From Consortium News
Russian President Vladimir Putin addresses a crowd on May 9, 2014, celebrating the 69th anniversary of victory over Nazi Germany and the 70th anniversary of the liberation of the Crimean port city of Sevastopol from the Nazis.
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The Washington establishment's hysteria over its favorite new "group think" -- that Russian President Vladimir Putin put Donald Trump in the White House -- could set the stage for the Democratic Party rebranding itself as America's "war party" alongside the neoconservative wing of the Republican Party.
This political realignment -- with the Democrats becoming the party of foreign interventionism and the Trump-led Republicans a more inwardly looking America First party -- could be significant for the future. However, in another way, what we're seeing is not new. It is a replay of other "group thinks" in which some foreign leader is demonized beyond all reason allowing any accusation to be lodged against him with virtually no pushback from anyone interested in maintaining a U.S. mainstream career.
We saw this pattern, for instance, in the run-up to the Iraq War when Saddam Hussein was demonized to such a degree that any accusation against him was accepted without question, such as him hiding WMDs and colluding with Al Qaeda. In that context, some individuals supposedly with "first-hand knowledge" -- "Iraqi defectors" -- showed up to elaborate on and personalize the anti-Saddam propaganda message. We learned only later that many were scripted by the U.S.-government-funded Iraqi National Congress.
Since 2011, we saw the same demonization treatment applied to Syrian President Bashar al-Assad who was depicted as a ruthless monster opposed by a "moderate opposition" which, in turn, was embraced by "human rights" groups, touted by Western media and applauded even by citizen "peace groups" around the United States and Europe. The Assad demonization obscured the fact that many "opposition" groups were part of an externally funded "regime change" project spearheaded by radical jihadists connected to Al Qaeda.
A Reagan Strategy
For me, this pattern goes back even further. I have witnessed these techniques since the 1980s when the Reagan administration tapped into CIA psychological warfare methods to rally the American people around a more interventionist foreign policy -- to "kick the Vietnam Syndrome," the public skepticism toward war that followed the Vietnam debacle.
Back then, senior CIA propagandist Walter Raymond Jr. was assigned to the National Security Council staff where he tutored young neocons, the likes of Elliott Abrams and Robert Kagan, drumming into them that the key was to personalize the propaganda by demonizing a particular leader, making him eminently worthy of hate.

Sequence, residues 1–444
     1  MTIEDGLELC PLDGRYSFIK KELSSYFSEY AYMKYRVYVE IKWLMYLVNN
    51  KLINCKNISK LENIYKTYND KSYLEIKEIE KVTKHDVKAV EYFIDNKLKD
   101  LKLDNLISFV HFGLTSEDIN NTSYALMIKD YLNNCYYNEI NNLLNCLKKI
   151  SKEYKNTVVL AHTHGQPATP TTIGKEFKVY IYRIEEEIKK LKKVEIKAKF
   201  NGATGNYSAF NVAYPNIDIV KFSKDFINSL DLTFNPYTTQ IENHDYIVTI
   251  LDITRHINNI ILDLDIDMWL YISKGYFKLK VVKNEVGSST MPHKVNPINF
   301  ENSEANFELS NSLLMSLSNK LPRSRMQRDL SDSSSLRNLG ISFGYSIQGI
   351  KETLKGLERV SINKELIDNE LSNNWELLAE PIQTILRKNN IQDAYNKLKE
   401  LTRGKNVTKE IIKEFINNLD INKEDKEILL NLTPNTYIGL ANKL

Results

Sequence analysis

Raymond counseled his acolytes that the goal was always to "glue" black hats on the side in Washington's crosshairs and white hats on the side that Washington favored. The grays of the real world were to be avoided and any politician or journalist who sought to deal in nuance was disparaged as a fill-in-the-blank "apologist."
So, in the 1980s, the Reagan administration targeted Nicaragua's President Daniel Ortega, "the dictator in designer glasses," as President Reagan dubbed him.
In 1989, before the invasion of Panama, Gen. Manuel Noriega got the treatment. In 1990, it was Saddam Hussein's turn, deemed "worse than Hitler" by President George H.W. Bush. During the Clinton administration, the demon du jour was Serbia's Slobodan Milosevic. In all these cases, there were legitimate criticisms of these leaders, but their evils were inflated to fantastical proportions to justify bloody military interventions by the U.S. government and its allies.
Regime Change in Moscow?
The main difference in recent years is that Official Washington's neocons and liberal interventionists have taken aim at Russia with the goal of "regime change" in Moscow, a strategy that risks the world's nuclear annihilation. But except for the stakes, the old script is still being followed.
Rather than a realistic assessment of what happened in Ukraine, the American people and the West in general have been fed a steady diet of propaganda. As U.S. neocons and liberal interventionists pushed for and achieved the violent overthrow of elected President Viktor Yanukovych, he was lavishly smeared as the embodiment of corruption over such items as a sauna in his official residence. Yanukovych wore the black hat and the street fighters of the Maidan, led by ultra-nationalists and neo-Nazis, wore the white hats.